Lance Armstrong is one of the athletes UCI's independent commission is appealing to (Getty Images)
Independent Cycling Commission Hopes to Appeal to New Information
Dick Marty, the chair of the International Cycling Federation’s (UCI) Independent Reform Commission, appealed to athletes to come forward with any new information that could help the commission Tuesday.
“The primary purpose of our investigation is not to punish doping offenders but to learn from the past so we can help ensure a better future for cycling,” Marty said in a statement.
“We will treat all witnesses fairly and have much work to do over the coming year. I hope, with the cooperation of the cycling family, the sport has a unique opportunity to learn lessons and regain trust.”
The commission even offered reduced bands for athletes that come forward to share information.
“The reduced bans will obviously apply to people who have not been already sanctioned,” Marty said on a conference call to reporters.
Lance Armstrong, subject to a lifetime ban from the sport of Cycling, was singled out as a former athlete the commission hopes to bring forward.
UCI has funneled approximately $3.35 million into the commission, one of the major pillars of new president Brian Cookson’s manifesto.
“There will an invitation to anyone who comes forward, Lance Armstrong or anybody else. Please come forward and offer your information to the commission,” Cookson told reporters.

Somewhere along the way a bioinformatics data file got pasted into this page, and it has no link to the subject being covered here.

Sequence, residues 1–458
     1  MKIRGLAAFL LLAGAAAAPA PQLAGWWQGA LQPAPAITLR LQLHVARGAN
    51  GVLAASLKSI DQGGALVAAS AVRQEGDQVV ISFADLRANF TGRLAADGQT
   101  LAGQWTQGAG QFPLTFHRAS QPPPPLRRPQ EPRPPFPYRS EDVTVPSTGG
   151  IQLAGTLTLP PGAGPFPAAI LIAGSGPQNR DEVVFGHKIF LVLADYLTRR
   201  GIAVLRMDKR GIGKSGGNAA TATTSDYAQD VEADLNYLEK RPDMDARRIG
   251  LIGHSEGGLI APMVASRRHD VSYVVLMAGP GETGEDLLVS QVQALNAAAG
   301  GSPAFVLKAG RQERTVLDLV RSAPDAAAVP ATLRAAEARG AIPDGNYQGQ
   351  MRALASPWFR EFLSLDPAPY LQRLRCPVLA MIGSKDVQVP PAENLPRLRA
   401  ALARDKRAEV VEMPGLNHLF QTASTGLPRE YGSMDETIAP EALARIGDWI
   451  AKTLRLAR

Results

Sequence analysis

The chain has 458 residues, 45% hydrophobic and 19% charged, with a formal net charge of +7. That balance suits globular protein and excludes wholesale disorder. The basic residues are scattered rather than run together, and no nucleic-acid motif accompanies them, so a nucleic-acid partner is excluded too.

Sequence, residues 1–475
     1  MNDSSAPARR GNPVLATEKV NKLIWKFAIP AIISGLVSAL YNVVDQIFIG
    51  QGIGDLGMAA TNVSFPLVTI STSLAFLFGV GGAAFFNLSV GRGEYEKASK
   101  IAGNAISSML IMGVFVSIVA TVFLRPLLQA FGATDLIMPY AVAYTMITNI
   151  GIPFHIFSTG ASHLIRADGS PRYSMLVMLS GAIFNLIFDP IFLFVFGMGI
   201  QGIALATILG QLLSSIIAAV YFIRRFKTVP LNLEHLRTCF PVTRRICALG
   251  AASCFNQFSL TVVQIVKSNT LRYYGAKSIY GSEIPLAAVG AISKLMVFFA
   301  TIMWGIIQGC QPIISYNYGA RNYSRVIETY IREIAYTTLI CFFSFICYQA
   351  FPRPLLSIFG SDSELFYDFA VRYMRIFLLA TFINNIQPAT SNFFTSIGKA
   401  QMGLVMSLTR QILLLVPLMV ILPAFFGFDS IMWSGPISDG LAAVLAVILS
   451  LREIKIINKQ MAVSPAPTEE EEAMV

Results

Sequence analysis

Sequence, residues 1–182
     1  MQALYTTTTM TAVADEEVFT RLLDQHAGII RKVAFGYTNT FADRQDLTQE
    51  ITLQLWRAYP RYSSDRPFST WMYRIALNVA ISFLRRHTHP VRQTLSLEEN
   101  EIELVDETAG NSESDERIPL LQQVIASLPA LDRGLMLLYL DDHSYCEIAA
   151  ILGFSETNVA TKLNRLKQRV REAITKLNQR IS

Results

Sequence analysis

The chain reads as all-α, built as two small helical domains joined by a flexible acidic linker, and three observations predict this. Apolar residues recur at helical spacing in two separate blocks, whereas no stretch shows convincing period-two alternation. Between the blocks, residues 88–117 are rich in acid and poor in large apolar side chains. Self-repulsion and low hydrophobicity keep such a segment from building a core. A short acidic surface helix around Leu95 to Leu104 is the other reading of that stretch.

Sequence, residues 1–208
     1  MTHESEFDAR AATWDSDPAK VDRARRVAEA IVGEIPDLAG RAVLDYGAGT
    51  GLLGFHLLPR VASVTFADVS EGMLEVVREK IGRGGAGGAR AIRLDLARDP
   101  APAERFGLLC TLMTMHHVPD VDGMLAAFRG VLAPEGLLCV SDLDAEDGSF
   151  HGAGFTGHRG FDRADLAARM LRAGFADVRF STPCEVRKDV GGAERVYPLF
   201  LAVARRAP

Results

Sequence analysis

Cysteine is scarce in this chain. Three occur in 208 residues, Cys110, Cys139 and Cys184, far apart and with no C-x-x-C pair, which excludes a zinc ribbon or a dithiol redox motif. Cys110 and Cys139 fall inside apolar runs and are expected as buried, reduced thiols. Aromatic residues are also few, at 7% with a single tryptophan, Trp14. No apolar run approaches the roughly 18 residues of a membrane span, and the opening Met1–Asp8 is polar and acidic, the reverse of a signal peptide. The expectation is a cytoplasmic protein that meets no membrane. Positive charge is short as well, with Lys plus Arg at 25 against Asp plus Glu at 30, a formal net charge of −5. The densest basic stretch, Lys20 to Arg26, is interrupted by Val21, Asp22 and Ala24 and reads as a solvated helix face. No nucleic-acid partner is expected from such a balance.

PyeongChang Sigh Broadcasting Contract
PyeongChang 2018 and OBS after signing their broadcast agreement (PeyongChang2018)
Officials from PyeongChang 2018 and the Olympic Broadcasting Services signed the official Olympic Broadcast Cooperation Agreement in a ceremony Tuesday.
The ceremony took place at the International Broadcast Center and was signed by PyeongChang 2018 Secretary General J.S. Kim, IOC Director General Christophe DeKepper, and IOC Legal Adviser Francois Carrard.
The agreement lays out the cooperation between PyeongChang 2018 and OBS up to and through the 2018 Winter Olympics.
“We have managed to conclude this agreement without any problems whatsoever,” OBS CEO Yiannis Exarchos said at the signing.
“A number of months ago we visited PyeongChang and we have seen firsthand the efforts that are being made to stage the Games which we believe are going to be fantastic.”
For the first time since 1988, someone other than Bob Costas will anchor a prime time Olympic broadcast for NBC.
The longtime sports broadcaster has battled an eye infection during his time in Sochi. While his eyes have appeared red and puffy during multiple broadcasts, Costas now says the condition is affecting his ability to read and see video.
In his place, Today Show host Matt Lauer will step in for the night. Lauer hosted the Opening Ceremony on Friday.
Costas remains in good spirits and hopes to return soon, saying in an NBC release, "The last thing I want is to go through the rest of my life owing Matt Lauer a bunch of favors."
Homepage photo from Getty Images
Written by Aaron Bauer and Nick Devlin
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